Were I writing the novel today, the society which results as the outcome of the individualist/technoprogressive vision would look quite different as well. The Intergalactic Protectorate is a libertarian system, but a highly centralized one nonetheless. Through its storyline though not through its explicit philosophical ideas, Eden against the Colossus illustrates the vulnerabilities of such a system and the ease of turning the machinery of the Protectorate against the very ideals it is supposed to protect. This is true, I now realize, of any large, centralized institution – public or private, controlled by virtuous people, or by mediocrities or crooks. As an example of this, one needs only to consider how the vast, largely voluntary centralization of information on the Internet – during the age of dominant providers of social-networking, search, and content-hosting services – has enabled sweeping surveillance of virtually all Americans by the National Security Agency through “backdoors” into the systems of the dominant Internet companies. No one person – and no one institution – can be the sole effective guardian of liberty. On the other hand, a society filled with political experiments, as well as experiments in decentralized technologies applied to every area of life, would be much more robust against usurpations of power and incursions against individual rights. Undertakings such as seasteading, a decentralized Meshnet, and Bitcoin have intrigued me in recent years as ways to empower individuals by reducing their dependence on large institutions and decreasing the number of ways by which power asymmetry enables those with ill intentions to get away with inconveniencing or outright oppressing innocent people.

A truly libertarian future will not resemble today’s corporate America on an intergalactic scale, only with considerably less regulation and a more stringently written Constitution enforced by a fourth branch of government possessing negative power only – essentially, the society portrayed in Eden against the Colossus. If humanity is to achieve an intergalactic presence, it will likely be in the form of hundreds of thousands of diverse and autonomous networks of people, largely possessing fluid social and political structures. The balance of power in such a world would greatly favor individuals who are hyperempowered by technology. Furthermore, if technology is to have the ability to radically enhance human intelligence and reasoning, then many of the philosophical disputes that have recurred throughout history may, in future eras, be settled by a more rigorous and nuanced framing of the ideas under consideration. The intellectual conflicts of the future are not likely to be of the hitherto-encountered “capitalist versus socialist” or “technoprogressive versus environmentalist” variety – since the evolution of technology and culture, as well as the shifting dynamics of human societies, will raise new issues of focus which will lead to interesting and unanticipated alignments of persons of various perspectives. It would be entirely possible for some issues to unite erstwhile opponents – as principled libertarians and principled socialists today both detest crony corporatism, or as technoprogressives and some technology-friendly environmentalists today support nuclear power and organisms bioengineered to clean up pollution.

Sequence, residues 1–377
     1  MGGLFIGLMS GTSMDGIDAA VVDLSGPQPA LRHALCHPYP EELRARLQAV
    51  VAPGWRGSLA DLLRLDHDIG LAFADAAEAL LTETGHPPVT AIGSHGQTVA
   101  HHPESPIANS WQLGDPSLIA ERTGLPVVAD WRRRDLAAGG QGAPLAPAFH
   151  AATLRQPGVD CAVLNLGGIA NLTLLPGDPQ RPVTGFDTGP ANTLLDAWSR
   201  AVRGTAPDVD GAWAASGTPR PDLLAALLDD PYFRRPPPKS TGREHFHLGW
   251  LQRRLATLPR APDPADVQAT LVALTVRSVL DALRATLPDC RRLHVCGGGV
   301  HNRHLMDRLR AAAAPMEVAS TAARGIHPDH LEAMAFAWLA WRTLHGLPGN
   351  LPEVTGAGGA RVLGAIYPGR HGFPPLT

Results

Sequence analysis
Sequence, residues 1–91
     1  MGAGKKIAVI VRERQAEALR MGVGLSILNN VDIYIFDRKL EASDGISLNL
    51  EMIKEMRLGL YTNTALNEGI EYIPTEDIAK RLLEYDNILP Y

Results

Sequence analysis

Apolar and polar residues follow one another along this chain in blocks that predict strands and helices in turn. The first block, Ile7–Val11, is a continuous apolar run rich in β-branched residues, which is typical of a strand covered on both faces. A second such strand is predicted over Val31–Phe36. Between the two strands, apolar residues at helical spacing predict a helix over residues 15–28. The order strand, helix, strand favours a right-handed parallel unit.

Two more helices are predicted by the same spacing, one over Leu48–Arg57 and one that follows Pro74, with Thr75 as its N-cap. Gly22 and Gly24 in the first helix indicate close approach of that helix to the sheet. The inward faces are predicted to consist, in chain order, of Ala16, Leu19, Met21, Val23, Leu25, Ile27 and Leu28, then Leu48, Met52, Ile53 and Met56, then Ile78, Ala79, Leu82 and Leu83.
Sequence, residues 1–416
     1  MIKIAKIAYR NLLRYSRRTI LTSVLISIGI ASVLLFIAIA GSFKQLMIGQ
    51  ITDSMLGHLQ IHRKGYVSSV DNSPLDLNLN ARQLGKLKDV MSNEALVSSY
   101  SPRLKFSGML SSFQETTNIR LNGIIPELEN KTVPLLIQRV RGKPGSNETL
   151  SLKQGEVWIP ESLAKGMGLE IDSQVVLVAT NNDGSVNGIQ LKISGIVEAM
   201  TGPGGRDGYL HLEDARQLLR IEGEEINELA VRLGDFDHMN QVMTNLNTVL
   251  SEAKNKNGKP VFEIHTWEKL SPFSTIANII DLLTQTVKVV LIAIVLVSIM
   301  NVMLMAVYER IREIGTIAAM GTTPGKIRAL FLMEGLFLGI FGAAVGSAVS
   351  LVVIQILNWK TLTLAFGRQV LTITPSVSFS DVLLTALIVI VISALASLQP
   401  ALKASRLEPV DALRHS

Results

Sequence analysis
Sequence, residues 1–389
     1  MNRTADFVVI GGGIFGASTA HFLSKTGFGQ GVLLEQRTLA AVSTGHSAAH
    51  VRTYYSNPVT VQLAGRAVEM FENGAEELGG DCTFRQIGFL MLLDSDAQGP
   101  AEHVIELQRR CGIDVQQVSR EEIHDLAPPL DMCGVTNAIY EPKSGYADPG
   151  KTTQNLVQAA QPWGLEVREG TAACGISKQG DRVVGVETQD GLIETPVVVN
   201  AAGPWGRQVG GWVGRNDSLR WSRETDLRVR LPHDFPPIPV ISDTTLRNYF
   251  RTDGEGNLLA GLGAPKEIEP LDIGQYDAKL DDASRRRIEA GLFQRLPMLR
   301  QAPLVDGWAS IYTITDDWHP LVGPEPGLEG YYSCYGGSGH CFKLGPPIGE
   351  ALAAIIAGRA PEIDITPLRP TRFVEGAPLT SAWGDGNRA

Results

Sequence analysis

With regard to the personal lives of the characters of Eden against the Colossus, my view today no longer necessitates a glorification of ceaseless work, though productivity remains important to me without a doubt. The enjoyment of the fruits of productive work – and the ability to increase the proportion of one’s time spent in that enjoyment without diminishing one’s productivity – are among the outcomes made possible by technological progress. Such outcomes are insufficiently illustrated in Eden against the Colossus. Moreover, were I to write the novel today, I would have more greatly focused on the ability of a technological society to provide individuals with the opportunity to balance work, leisure, relationships, and a broad awareness of numerous areas of existence.

Along with all of these qualifying statements, however, I nonetheless emphasize my view that the fundamental essence of the conflict depicted in Eden against the Colossus is still a valid and vital subject for contemplation and for consideration of its relevance to our lives. As long as humankind continues to exist in anything resembling its present form, two fundamental motivations – the desire for improvement of the human condition and the desire for restrictive control that would suppress efforts to alter the status quo – will continue to be at odds, in whatever unforeseeable future embodiments they might come to possess. Perhaps sufficient technological progress will shift the balance of human biology, environment, and incentives further away from the command-and-control motive and closer toward the pure motives of amelioration and progress. One can certainly hope.